I have read in places where live the wise and the thoughtful a variety of opinions about the efficacy and necessity of voting, and I have always questioned the wisdom of those who hold that one vote, my vote, or any single vote, really doesn't matter or make a difference to the outcome of an election. I must confess that mathematically such a proposition is really indisputable. In an election involving millions, my single vote will not decide the election.
However, in a spiritual and a societal sense, this form of thinking seems nearly suicidal. The action of voting, of placing that mathematically meaningless vote, if done in accord with a conscience informed by the teaching of the Holy Catholic Church has spiritual repercussions that cannot possibly be calculated. It is true of any action taken in accord with God's will, and it remains true in the exercise of the franchise.
from Render Unto Caesar
Archbishop Charles Chaput
In one of their early confrontations, King Henry VIII taunted Bishop John Fisher, the great bishop-martyr of the English Reformation who remained faithful to Rome and opposed Henry's marriage to Anne Bolyen, with this remark: "Well, well, it shall make no matter. . . for you are but one man." Catholics face the world's same taunting today: the temptation to think that society is too far gone, that our problems are too complex for any of us to make a difference. But one person can always make a difference--if that person believe in Jesus Christ and seeks to do his will. We're not called to get results. We're called to be faithful.
Next time we are tempted to think that our vote doesn't matter or doesn't make a difference or doesn't effect the outcome--it would be good to remind ourselves that a vote carelessly made is a grain of sand dropped into a pond, but a vote made after prayer, communion with God, and in accord with a well-formed conscience is like dropping a boulder into a pool. We may not get our candidate elected, but we will have made a difference and we can continue to agitate and act, become the thorn in the side for those who rode to election on the careless votes of others. We become then, for the world, the constant "agenbite of inwit," an irreconcilable and relentless reminder of the duty of our officials to serve the common good even if they will not willingly serve God.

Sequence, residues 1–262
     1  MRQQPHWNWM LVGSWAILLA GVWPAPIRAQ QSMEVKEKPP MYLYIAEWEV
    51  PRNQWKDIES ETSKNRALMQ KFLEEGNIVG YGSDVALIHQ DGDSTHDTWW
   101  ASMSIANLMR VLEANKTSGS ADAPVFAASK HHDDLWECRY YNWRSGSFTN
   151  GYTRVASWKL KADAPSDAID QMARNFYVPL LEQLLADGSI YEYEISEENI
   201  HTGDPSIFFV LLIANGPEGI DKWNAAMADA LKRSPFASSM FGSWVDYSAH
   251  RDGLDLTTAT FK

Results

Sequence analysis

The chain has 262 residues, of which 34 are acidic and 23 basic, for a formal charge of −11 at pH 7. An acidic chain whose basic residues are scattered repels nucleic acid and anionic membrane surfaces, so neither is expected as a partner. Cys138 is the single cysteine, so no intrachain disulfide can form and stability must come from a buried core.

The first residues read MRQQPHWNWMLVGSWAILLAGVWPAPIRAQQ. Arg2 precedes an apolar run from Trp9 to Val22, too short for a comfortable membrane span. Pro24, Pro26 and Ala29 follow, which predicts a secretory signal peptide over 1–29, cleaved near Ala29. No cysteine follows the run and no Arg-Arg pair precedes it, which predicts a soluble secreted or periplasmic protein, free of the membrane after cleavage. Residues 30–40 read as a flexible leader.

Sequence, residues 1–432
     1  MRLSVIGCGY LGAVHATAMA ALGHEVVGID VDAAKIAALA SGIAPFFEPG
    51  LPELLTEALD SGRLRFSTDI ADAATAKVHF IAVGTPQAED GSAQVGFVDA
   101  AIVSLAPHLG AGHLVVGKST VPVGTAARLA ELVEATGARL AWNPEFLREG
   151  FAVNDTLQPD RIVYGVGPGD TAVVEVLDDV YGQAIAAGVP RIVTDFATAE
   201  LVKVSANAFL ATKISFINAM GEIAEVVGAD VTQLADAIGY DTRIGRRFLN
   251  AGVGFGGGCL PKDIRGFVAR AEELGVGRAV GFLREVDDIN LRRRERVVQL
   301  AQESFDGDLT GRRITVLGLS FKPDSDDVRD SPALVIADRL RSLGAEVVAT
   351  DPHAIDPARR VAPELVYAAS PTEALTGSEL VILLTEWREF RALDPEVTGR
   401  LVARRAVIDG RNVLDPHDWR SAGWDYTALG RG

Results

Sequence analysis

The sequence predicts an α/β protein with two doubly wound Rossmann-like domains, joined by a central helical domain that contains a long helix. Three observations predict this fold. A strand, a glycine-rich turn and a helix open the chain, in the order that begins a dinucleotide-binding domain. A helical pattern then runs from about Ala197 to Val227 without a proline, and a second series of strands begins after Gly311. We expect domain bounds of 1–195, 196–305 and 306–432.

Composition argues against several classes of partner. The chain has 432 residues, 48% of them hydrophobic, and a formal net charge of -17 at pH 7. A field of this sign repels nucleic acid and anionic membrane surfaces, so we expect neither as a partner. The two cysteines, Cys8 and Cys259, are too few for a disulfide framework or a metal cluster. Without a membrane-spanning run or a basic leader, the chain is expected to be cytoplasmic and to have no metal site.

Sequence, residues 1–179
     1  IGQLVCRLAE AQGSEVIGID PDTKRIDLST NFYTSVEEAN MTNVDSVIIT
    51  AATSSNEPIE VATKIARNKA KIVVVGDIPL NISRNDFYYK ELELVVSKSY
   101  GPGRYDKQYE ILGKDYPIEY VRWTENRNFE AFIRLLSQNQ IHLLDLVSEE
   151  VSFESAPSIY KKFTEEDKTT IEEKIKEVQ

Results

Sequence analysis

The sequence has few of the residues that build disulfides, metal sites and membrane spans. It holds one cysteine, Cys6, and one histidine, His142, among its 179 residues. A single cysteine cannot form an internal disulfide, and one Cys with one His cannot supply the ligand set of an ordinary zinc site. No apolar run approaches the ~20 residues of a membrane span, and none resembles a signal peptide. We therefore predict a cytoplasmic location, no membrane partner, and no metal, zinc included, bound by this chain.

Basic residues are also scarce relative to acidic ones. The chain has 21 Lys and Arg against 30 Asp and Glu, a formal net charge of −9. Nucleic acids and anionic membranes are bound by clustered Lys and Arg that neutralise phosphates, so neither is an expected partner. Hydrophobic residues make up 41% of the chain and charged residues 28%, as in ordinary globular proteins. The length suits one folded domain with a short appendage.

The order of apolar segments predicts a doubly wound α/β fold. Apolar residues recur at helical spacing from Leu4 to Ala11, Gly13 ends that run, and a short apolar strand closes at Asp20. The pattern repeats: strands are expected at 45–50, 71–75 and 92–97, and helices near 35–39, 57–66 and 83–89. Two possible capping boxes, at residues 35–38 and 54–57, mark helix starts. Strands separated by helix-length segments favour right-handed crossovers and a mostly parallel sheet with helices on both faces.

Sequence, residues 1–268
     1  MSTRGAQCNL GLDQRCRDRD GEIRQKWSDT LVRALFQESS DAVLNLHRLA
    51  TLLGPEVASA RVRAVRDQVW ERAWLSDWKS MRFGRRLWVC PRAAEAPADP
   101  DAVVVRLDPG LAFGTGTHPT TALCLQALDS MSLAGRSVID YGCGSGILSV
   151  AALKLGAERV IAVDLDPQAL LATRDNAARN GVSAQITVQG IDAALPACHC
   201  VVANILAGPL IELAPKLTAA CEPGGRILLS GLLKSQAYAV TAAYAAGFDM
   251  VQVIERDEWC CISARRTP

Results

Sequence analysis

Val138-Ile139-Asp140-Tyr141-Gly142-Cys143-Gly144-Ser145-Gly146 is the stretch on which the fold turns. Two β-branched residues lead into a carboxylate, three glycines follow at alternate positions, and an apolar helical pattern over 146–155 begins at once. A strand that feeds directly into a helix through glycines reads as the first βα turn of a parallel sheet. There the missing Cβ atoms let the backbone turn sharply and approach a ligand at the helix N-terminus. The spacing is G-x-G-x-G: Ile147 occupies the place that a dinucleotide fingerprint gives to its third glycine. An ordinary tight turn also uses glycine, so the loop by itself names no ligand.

Given me by a friend from a blog I don't personally visit (no animus, just indicating that I haven't seen this at the location sited below).
Notable and Quotable (II)
Posted by Kendall Harmon
...Sustained discussion of the human propensity towards self-deception has all but disappeared from twentieth-century analyses of the spiritual life. There are, of course, still specialists in philosophy and psychology working out the details. But, for most of us, self-deception simply doesn't jump immediately to mind as an explanation of our experience. We rarely think of it. Lots of people I talk to have never so much as considered the possibility that they've fallen prey to it in any significant way. One is reminded here of the haunting suggestion in Bishop Butler's tenth sermon
-- Gregg A. Ten Elshof, I Told Me So: The Role of Self-deception in Christian Living
(Grand Rapids: Eerdmans, 2009), p, 7